(NEW YORK) — One of only five people in the world to achieve full remission of HIV is stepping forward to share his story in an ABC broadcast exclusive.
Paul Edmonds’ journey into medical history began decades ago. He was diagnosed with AIDS in 1988 — a time when it was a potential death sentence. Thanks to his own perseverance and advances in treatment, he survived — even thrived — after his diagnosis.
Edmonds met his future husband Arnie House and convinced him to be tested. House also was HIV positive. As years past, better antiretroviral treatments brought both of their HIV levels to undetectable, which means the virus was untransmissable.
But for Edmonds, another diagnosis was looming. In 2018, he learned he had leukemia. Although his heart sank, Edmonds told ABC News’ Juju Chang, “I wasn’t ready to die.”
Edmonds and House sought care at City of Hope Medical Center in California. There, while undergoing treatment for leukemia, Edmonds’ doctors saw a unique opportunity to try to cure him of his HIV, too. After chemotherapy, Edmonds received a stem cell transplant from a donor with a mutation that makes them resistant to HIV. Stem cell transplants carry a significant risk in themselves, as they must be preceded by wiping out the whole immune system. During this time, which can be months, patients have to stay in protected areas of the hospital to reduce the risk of life-threatening infections.
“It’s a very rare mutation. It exists in roughly 1% of the population. So it’s not, it’s not something we find very commonly,” said Edmonds’ physician, Dr. Jana Dickter, City of Hope associate clinical professor in the Division of Infectious Diseases, Department of Medicine.
The transplant worked. Not only did Edmonds go into remission for his cancer, he also became the fifth person ever to go into remission from HIV. Now, four years after his transplant and two years after doctors took him off HIV medications, the virus shows no signs of coming back.
“We can’t find evidence of replicating HIV in his system,” Dickter said. “It’s been really amazing. It’s been such a journey.”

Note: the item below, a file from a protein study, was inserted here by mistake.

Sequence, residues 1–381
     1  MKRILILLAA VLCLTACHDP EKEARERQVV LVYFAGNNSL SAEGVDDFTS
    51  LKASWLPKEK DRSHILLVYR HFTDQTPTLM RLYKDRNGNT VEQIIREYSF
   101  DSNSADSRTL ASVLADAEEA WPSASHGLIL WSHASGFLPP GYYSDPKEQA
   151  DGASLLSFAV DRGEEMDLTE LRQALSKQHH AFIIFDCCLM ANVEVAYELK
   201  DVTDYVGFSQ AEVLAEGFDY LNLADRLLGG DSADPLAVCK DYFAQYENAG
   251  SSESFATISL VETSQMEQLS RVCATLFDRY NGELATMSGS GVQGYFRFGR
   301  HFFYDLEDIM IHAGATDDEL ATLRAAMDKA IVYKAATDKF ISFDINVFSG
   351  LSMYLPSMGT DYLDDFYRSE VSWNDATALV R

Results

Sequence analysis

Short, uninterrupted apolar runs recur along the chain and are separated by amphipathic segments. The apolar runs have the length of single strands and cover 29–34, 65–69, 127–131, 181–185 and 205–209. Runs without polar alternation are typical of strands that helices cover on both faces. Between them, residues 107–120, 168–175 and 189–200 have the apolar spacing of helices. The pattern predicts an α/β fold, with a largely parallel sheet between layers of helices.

Dickter and her colleagues announced the details of Edmonds’ case in July 2022, but he was known anonymously as the “City of Hope patient” at the time. Now, he is stepping out of the shadows. He and his husband sat down with ABC’s Chang for an in-depth interview in their California home.
Edmonds said he still struggles to come to terms with being cured after living with HIV for more than three decades and after watching so many of his friends die of AIDS in the 1980s and 1990s.
“I was incredibly grateful. I’m grateful to be alive. I was grateful there was a donor,” he said.
House said he was thrilled when Edmonds’ HIV went into remission.
“I was so happy for him. Because it was like a liberation for me. That he didn’t have to take his HIV medications anymore – it was wonderful,” House said.
There is still no cure for most of the 1.2 million Americans living with HIV today. Rare cures happen only among people with HIV who are also diagnosed with certain types of cancer, and subsequently receive the unique stem cell transplant that cures their cancer and HIV simultaneously.
But scientists say Edmonds’ story is helping them get one step closer. His story is unique because his treatment was less medically intensive than prior cases, giving scientists hope that the procedure he received could be applicable to a wider range of HIV patients with cancer who are aging. At 66, Edmonds is the oldest person to be cured of HIV — and he had been living with HIV the longest.
Edmonds was able to receive a newer, less intensive chemotherapy regimen that City of Hope helped develop for older patients, and his transplant had only mild medical complications, according to Dr. Ahmed M. Aribi, assistant professor with City of Hope’s Division of Leukemia, Department of Hematology & Hematopoietic Cell Transplantation.
Although scientists are still searching for an HIV cure, significant medical advances mean people living with HIV are living longer and healthier lives. In fact, doctors say, modern medication is so effective that many people with HIV can lower the amount of virus in their blood to the point where it is impossible to pass the virus on to others, even after unprotected sex and other high-risk exposures.
Edmonds and House both urged everyone to get tested for HIV, because knowing your status can save a life. They said ignorance is the only killer.
“We have to go out, get tested. It’s so easy to be able to get put on medications. Have yourself followed by a doctor like me,” House said.
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